Stagger the end-joints from row to row.

Inspect the end-grain of the boards and fasten them “bark side up.”

project, however, the Shadoe Track channels didn’t fit our goto tool, so we took a different approach: using clamps to straighten bowed boards. The Ecolife boards weren’t badly bowed, but even 1/4 inch can create an unsightly gap, and the spacing issues can accumulate and worsen throughout the installation if you don’t address every row of boards. We used a combination of long bar clamp and pipe clamps, anchoring one end against the deck’s fascia board and pinching the other end against a problem board until it straightened. As we progressed we would clamp several boards together at a time and fasten them all at once from below.

But what if your deck is bigger than your clamps? We were rebuilding a 12-by-40-ft. deck, and most people don’t have 12ft. clamps laying around. Our solution was to occasionally leave one of the deck boards loose at a strategic location. The board in question would have been gang-clamped with the others, but we left it unscrewed. As the new deck floor moved further from the fascia board and the clamps could no longer reach it, we would pry up our special loose board to grant clamp access to our newly fastened decking. This gave us a strong foothold to anchor one end of the clamp at a closer location, and granted greater reach to the other side


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of the soon-to-be-installed boards. Note: For the final few deck boards, we reconfigured our bar clamps as spreaders, and rather than pulling the boards together to straighten them, we pushed off

the joist-end blocking to straighten the rows.


Whether you’re a professional deck-builder or DIY’er, most of us

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Clamps will help straighten bowed boards during installation. As we progressed, we left a few strategically located boards loose with no fasteners. When our clamps would no longer reach, we pulled up a loose board to give us a new location to anchor the clamps.

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aren’t accustomed to working underneath a deck. Whenever we had enough room, we used a rolling shop stool beneath the deck so we could fasten the boards from a seated position. This is much more comfortable than squatting on your haunches. The stool swivels for easy movement, it’s lightweight and it rolls, plus a tool tray at the bottom can hold fasteners, sunglasses and a beverage. In lower-to-ground areas where a shop stool won’t fit, we recommend supporting your weight with one arm draped over a joist while you fasten the nearest board. During installation, we at first found it tricky to guide the screws into the Shadoe Track holes when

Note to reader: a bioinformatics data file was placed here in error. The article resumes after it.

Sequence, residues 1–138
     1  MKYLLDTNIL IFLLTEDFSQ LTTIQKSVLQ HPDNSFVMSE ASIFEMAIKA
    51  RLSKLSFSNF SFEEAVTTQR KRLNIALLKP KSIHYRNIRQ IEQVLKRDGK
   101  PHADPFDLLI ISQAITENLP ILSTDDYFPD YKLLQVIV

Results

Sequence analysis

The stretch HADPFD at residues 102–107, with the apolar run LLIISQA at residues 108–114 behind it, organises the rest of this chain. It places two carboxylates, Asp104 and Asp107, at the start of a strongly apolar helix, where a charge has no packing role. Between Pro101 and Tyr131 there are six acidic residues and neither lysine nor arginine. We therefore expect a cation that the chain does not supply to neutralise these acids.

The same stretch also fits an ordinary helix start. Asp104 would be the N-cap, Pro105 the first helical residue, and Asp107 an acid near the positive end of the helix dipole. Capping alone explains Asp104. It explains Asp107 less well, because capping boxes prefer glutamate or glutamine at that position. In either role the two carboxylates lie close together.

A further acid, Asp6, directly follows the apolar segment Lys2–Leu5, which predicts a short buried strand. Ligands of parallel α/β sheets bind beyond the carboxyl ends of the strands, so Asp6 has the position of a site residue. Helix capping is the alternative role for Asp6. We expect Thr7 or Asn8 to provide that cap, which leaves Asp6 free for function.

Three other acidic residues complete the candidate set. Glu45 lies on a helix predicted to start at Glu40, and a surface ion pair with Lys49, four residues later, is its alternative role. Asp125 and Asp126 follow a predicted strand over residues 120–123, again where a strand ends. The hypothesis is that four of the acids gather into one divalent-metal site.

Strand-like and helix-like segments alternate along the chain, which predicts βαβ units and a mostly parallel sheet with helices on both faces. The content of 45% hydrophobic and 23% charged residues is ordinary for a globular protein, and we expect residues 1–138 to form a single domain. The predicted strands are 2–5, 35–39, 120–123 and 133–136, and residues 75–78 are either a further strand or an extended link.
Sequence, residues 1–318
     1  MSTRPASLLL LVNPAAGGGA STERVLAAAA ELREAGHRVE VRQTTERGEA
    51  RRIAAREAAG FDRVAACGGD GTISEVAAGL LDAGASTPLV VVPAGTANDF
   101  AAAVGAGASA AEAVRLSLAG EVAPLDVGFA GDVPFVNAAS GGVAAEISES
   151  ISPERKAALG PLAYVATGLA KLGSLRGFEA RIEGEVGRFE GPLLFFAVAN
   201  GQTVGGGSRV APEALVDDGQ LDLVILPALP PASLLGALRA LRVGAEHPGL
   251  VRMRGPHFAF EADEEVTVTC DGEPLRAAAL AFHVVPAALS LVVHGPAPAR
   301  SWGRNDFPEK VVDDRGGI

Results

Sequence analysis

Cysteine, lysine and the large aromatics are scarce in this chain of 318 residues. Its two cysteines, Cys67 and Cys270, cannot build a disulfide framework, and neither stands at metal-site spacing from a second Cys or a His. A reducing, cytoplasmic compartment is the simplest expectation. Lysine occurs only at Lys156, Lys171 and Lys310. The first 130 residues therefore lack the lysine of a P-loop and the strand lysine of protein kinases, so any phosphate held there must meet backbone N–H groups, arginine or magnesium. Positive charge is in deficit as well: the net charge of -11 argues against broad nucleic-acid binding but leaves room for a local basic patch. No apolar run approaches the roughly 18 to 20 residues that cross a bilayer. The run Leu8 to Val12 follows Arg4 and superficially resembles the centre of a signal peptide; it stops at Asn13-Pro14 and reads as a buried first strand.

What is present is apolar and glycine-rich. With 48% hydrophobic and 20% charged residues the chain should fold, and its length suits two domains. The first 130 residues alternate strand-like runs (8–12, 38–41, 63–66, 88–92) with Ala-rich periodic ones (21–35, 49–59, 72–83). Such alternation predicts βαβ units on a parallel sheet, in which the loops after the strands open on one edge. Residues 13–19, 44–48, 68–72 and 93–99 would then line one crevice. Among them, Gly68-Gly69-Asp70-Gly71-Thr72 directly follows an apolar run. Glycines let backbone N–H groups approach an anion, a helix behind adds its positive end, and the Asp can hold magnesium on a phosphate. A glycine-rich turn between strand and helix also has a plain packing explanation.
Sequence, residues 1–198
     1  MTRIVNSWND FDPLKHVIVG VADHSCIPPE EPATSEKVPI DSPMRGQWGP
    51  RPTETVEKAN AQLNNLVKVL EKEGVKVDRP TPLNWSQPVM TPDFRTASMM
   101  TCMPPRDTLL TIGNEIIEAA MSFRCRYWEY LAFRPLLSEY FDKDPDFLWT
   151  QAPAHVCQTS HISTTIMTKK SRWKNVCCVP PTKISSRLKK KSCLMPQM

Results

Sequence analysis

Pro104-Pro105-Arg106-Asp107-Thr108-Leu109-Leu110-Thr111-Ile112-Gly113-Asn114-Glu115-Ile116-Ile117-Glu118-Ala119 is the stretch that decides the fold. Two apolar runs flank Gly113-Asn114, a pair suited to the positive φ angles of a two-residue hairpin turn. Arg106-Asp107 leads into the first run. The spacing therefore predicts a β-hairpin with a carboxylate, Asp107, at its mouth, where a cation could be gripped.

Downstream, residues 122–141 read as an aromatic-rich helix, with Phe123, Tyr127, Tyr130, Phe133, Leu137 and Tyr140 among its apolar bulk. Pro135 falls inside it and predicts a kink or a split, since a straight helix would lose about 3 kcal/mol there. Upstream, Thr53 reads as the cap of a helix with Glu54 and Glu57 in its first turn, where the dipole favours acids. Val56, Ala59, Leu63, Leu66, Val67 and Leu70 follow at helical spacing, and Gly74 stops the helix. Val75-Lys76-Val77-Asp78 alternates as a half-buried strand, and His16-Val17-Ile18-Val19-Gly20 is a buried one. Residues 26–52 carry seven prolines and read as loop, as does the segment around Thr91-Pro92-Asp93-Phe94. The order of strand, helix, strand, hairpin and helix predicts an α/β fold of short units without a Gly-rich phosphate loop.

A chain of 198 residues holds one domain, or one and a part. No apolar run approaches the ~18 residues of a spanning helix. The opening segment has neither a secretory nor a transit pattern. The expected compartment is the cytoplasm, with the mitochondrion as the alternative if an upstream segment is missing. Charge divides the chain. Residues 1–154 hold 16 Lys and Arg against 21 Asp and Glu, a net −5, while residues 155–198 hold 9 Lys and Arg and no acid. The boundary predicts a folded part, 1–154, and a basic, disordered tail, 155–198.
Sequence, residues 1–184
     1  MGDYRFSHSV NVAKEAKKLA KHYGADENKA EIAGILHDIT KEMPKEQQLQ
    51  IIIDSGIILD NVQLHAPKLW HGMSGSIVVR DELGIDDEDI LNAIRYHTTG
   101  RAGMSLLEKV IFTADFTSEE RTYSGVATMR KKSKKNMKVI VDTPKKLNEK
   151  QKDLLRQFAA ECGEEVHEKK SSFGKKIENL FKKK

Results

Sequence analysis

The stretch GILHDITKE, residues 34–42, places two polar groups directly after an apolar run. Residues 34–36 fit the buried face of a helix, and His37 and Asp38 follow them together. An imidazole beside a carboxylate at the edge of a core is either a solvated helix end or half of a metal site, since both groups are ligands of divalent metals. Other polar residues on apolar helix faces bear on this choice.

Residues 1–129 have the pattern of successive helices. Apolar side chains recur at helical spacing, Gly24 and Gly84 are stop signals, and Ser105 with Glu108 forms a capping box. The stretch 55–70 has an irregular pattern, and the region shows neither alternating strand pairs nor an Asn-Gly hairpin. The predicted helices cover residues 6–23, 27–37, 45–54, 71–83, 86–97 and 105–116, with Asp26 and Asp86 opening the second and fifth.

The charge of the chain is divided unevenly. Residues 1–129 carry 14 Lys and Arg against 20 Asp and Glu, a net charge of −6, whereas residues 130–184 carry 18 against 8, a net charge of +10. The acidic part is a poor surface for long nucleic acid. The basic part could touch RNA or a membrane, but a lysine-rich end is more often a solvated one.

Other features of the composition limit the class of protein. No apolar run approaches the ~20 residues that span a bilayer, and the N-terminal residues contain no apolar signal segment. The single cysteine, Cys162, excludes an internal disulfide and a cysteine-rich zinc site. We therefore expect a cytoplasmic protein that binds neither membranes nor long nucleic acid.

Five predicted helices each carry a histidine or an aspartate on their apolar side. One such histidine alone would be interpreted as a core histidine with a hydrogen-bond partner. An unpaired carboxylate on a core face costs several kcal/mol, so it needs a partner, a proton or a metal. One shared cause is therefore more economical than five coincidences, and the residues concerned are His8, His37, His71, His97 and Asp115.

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fastening the decking. To make this easier, we arrived on the following tool setup: First, an impact driver will afford better control

than a standard drill/driver. Use a long extension for your bit-holder for easier reach into the corner beneath the deck boards. And

finally, use a bit holder with a sliding collar than can hold the screw straight while you insert it into the screw hole. After we adopted this procedure, our speed of installation increased dramatically. Once the project was completed, we got exactly what we wanted: a smooth, uniform, fastener-free deck surface that will stand the test of time. Mission accomplished. Time to crack a cold one. EHT


In tight spots, support your weight with an arm draped over a joist while you fasten the nearest board.